Re-opening schools and closing grocery stores, this week
Bill Radke reviews the week's news with Kiro7 reporter Essex Porter, host of Civic Cocktail on the Seattle Channel Joni Balter, and tech correspondent for the New York Times, Karen Weise.
This week Mercer Island extended its ban on camping in parks to camping in any public area, including in your car. Mercer Island doesn’t have any homeless shelters, so if the police find out you were sleeping illegally, they’ll drive you to a shelter out of town. You could also be fined up to $1000. Is this legal? And how will it effect the county's attempts at a regional homelessness authority?
Plus, Seattle has lost two grocery stores this week. QFC will be closing its doors in Capitol Hill and Wedgewood. Both stores had been underperforming, but the parent company Kroger said the closures were largely due to the city council’s newly required hazard pay. Will this strengthen anti-hazard pay arguments? Or just hurt Kroger's reputation within the city?
While grocery stores may be closing, Governor Inslee wants schools to reopen. The Governor, in accordance with the Centers for Disease Control and Prevention, says schools can re-open safely with masks, social distancing, and cleaning. The Governor doesn’t actually have the authority to make schools reopen, that’s up to the school districts and teachers unions, but said the announcement is meant to “incentivize” them to return to in-person learning. Will this be enough to get teachers and students back into the classroom? Or are there other factors the governor is missing?
On Wednesday evening Seattle Mayor Jenny Durkan, Seattle Public Schools Superintendent Denise Juneau and former Seattle Police Chief Carmen Best sat down with Joni Balter and Dr. Larry Hubbell to talk about “the promise and peril in Seattle’s new era of female leadership.” All three women will have stepped down from their positions by the end of this year. During the discussion, both Durkan and Juneau pointed to a lack of internal support, with Juneau stating that “Once you're in these positions, the support that comes along with that sometimes is not as present as it should be. What work does the city need to put in to both get and keep women in positions of power?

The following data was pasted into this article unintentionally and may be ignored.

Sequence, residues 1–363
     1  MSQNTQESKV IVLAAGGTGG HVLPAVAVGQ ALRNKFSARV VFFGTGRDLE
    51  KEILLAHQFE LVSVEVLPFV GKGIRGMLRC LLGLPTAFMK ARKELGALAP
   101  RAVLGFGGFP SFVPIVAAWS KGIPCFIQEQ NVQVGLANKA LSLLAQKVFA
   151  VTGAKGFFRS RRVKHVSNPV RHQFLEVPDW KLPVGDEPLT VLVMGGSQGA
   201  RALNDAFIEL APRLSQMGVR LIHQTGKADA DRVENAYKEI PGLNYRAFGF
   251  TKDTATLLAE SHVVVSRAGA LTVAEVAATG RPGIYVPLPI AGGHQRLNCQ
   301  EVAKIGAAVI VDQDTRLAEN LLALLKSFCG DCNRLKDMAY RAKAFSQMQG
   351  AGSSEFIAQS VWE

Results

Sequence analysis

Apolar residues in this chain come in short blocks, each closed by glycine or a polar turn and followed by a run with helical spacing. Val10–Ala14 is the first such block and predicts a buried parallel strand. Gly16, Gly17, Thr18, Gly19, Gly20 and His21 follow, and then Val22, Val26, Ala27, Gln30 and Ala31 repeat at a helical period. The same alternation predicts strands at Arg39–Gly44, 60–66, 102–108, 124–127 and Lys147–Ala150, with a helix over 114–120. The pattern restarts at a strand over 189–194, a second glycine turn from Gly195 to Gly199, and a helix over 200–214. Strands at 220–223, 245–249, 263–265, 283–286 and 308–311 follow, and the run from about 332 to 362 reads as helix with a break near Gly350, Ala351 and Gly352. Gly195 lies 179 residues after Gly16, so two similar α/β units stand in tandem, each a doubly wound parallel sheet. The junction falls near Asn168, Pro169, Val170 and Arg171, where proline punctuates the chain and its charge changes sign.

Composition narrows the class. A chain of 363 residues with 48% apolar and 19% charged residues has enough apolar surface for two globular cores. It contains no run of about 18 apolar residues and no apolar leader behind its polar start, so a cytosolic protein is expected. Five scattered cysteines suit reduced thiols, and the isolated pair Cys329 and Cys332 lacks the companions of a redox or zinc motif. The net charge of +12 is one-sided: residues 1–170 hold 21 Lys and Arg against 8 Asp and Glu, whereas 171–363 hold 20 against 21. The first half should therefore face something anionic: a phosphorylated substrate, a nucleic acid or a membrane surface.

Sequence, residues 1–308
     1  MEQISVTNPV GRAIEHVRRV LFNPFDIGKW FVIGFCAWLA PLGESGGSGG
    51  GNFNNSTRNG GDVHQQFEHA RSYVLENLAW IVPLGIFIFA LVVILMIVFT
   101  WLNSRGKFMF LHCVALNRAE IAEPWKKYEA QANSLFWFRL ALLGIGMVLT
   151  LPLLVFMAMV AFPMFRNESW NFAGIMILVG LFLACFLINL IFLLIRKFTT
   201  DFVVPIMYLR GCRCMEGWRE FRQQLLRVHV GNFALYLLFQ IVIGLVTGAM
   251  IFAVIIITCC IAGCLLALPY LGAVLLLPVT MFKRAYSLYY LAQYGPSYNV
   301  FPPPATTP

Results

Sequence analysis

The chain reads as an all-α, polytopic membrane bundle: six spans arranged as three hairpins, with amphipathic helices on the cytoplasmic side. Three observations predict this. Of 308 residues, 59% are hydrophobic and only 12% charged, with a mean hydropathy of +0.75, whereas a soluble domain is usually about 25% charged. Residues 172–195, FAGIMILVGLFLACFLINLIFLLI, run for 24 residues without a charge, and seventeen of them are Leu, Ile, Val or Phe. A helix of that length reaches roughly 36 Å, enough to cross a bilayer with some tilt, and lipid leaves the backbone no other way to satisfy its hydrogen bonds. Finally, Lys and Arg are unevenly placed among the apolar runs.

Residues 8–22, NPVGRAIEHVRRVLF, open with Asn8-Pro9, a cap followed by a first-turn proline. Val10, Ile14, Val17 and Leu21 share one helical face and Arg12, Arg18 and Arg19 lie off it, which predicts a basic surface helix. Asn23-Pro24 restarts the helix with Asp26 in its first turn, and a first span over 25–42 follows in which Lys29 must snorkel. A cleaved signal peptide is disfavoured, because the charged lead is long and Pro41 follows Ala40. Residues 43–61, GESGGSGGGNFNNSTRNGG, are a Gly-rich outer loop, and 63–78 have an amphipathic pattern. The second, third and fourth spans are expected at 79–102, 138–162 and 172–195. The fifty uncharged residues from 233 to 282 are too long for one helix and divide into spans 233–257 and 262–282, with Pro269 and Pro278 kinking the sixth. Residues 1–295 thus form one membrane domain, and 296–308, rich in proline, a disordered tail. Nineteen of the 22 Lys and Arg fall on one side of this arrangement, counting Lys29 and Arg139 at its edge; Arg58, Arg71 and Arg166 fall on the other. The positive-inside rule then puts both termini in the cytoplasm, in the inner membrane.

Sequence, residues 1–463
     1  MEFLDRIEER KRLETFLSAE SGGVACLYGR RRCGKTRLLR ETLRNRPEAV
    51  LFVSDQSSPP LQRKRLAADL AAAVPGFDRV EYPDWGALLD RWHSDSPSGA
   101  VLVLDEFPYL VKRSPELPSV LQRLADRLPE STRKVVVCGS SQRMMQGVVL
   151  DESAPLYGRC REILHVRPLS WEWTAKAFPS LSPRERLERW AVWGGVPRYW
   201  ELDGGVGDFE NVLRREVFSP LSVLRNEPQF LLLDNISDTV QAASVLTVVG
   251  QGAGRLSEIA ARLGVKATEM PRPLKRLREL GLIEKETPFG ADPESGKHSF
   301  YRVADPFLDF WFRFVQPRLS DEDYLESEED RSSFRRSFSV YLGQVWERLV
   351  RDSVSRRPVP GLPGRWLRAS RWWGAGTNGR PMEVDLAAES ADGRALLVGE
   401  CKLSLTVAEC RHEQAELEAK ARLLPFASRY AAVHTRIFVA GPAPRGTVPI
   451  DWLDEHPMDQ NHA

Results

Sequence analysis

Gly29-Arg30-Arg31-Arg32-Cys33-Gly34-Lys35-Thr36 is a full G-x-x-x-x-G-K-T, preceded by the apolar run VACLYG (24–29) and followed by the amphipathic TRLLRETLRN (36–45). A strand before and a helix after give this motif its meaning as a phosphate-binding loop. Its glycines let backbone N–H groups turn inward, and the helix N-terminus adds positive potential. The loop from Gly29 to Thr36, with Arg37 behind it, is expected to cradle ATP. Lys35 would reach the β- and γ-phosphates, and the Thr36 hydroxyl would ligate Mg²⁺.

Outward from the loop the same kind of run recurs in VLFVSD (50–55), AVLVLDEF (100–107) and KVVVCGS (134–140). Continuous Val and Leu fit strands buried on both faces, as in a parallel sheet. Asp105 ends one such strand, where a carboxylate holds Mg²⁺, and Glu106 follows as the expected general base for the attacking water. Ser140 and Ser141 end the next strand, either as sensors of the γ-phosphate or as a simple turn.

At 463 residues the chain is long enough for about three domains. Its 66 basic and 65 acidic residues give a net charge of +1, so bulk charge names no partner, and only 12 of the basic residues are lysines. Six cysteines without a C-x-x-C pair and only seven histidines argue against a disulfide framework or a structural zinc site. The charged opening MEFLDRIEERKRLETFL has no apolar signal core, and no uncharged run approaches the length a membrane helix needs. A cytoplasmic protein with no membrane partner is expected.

Finally, we often talk about Amazon’s relationship to Seattle and Washington, so let’s take a few minutes to look at how the company interacts with somewhere else - New York. Last Friday Amazon sued New York’s Attorney General to stop them from bringing charges against the company over covid-related safety concerns at two NYC warehouses. This did no in fact stop Attorney General Letitia James - she sued Amazon on Tuesday, arguing that the company provided inadequate safety protection for workers and retaliated against employees who raised concerns over the conditions. How does Amazon’s relationship with other states or cities compare to it’s relationship with Seattle and Washington?